PLPD Car Insurance Tips

One of the insurance terms that can be confusing is PLPD. This abbreviation is used very often by car owners, sometimes without even knowing what it really is. Still a good understanding of this coverage will save you money when you purchase insurance policy, and it will also help you to act smart in an accident.

PLPD Car Insurance Tips

What is PLPD insurance?

This word itself is short for Personal Liability and Property Damage. This policy pays for damage you cause to others (both bodily injury and property damage). Each part of this term is important.

PL (Personal Liability) insurance

It is also sometimes referred to as bodily injury insurance. If you are found to be at fault in an accident, personal liability covers another party’s injuries, his suffering, and pain. Typically it is written as a fraction: maximum amount that can be paid per person/maximum per accident.

Let’s see how Personal Liability works in this example:

Anna’s personal liability limits are 120,000/360,000. Anna is talking over the phone while driving, and she does not notice the light turned red. No wonder she rear ends another car with three passengers, each of whom get minor injuries.

Each person from that car files a claim to Anna’s insurance provider for pain and suffering ($25,000). Each passenger gets what he wants as far as it was Anna who caused this accident and the amount of money pursued is less than 120,000 per person and less than 360,000 per accident (actually it is $25,000 per person and $75,000 per accident).

And yet if the amount pursued were more than 120,000 per person and 360,000 per accident, not all the passengers would get a settlement. In this case the rule is: “first come first serve”: passenger who files a claim first, has a privilege.

Key issues:

  • Personal Liability covers another party;
  • it works if you are the cause of an accident;
  • standard limits are 100,000/300,000, however minimum limits vary from state to state, so it is a good idea to discuss it with your insurance agent;
  • if you want higher limits, use an umbrella policy.

PD = Property Damage insurance

This type of coverage refers to damage you cause to someone else’s car or other personal property. Things like street signs or mailboxes also fall into this category.

This looks quite simple, doesn’t it? Still there are certain important points that vary by state. Actually definitions, requirements, conditions can be a little different so a talk to your insurance representative can give you better understanding of what coverage you are buying.

Property damage is an essential part of all car insurance policies. Property damage limit is usually written along with personal liability – it’s the last number: 100,000/300,000/100,000.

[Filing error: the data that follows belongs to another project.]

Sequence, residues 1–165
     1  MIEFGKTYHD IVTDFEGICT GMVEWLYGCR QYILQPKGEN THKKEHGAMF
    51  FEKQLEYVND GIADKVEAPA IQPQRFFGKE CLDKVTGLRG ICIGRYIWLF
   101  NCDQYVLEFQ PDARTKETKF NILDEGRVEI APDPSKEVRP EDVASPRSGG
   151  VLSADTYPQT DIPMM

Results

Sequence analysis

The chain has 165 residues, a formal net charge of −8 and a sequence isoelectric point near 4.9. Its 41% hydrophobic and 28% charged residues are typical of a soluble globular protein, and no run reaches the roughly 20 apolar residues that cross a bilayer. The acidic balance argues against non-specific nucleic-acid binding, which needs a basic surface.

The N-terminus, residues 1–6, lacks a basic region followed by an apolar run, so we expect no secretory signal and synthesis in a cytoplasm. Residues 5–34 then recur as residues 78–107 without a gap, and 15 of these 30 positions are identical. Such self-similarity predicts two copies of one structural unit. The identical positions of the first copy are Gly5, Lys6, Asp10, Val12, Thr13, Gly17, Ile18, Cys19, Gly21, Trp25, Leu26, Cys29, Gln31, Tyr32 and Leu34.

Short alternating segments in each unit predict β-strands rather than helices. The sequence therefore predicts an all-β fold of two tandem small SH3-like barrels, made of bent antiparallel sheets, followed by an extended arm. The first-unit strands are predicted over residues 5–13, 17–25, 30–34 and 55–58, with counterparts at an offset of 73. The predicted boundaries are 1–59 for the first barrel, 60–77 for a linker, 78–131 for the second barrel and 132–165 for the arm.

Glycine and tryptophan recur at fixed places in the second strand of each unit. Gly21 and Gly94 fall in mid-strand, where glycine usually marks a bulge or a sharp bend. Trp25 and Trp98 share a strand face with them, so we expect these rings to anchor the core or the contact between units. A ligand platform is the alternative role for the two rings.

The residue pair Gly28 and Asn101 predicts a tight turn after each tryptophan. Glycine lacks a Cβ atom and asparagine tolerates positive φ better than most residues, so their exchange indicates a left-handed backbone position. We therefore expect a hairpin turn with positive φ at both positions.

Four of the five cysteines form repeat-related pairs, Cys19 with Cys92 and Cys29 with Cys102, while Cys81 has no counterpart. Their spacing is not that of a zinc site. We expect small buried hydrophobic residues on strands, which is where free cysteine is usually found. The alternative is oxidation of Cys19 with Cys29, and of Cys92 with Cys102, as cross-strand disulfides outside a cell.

You can purchase basic PLPD coverage, meaning that your insurance only meets bare minimum state requirements. Typically such policies do not include collision and comprehensive coverage.

Let’s see in what way Property Damage insurance works in this example:

There’s a patch of ice on the road, and Anna’s vehicle slides into a parked car. The owner of this car files a claim to Anna’s insurance company, and the repair is covered (with no deductible).

Key issues:

  • Property Damage insurance policy pays for another person’s property damaged by your car;
  • standard limit is $100,000, however minimum limits vary by state;
  • in some states there can be additional coverage.

What PLPD insurance is NOT?

Industry jargon and complicated terms can give you a headache if you really decide to read through your insurance policy. However it’s important to understand the following difference: PLPD insurance is sometimes confused with Public Liability and Property Damage (PLDL). The latter is bought by companies offering public services.

Tips for saving money

Looking for ways to save money on your PLPD auto insurance? Of course there is an easy and really tempting way: just to carry the minimum amounts of coverage. In the long run, however, this may turn out to be not that wise. On the contrary, some auto accident attorneys recommend choosing higher minimums. For instance, even if the state minimum amount for Liability Coverage is $20,000 per person and $40,000 per accident, and the minimum amount of Property Damage coverage is $10,000, attorneys recommend carrying $250,000 per person, $500,000 per accident, and $100,000 for property damage. In this case you pay only a few dollars more, but get much better coverage. And if you choose bare minimum, you could be personally responsible for paying large sums of money in case of a major accident.

Some more saving tips:

– asking if you can have any discounts;

– shopping around: the way your driving record etc. is weighted varies from company to company, so your rates can be extremely different;

– paying for your PLPD insurance in full, up front (in many companies you have to pay less if you do it up front);

– buying another policy from the same company;

– driving carefully and thus keeping your driving record clean.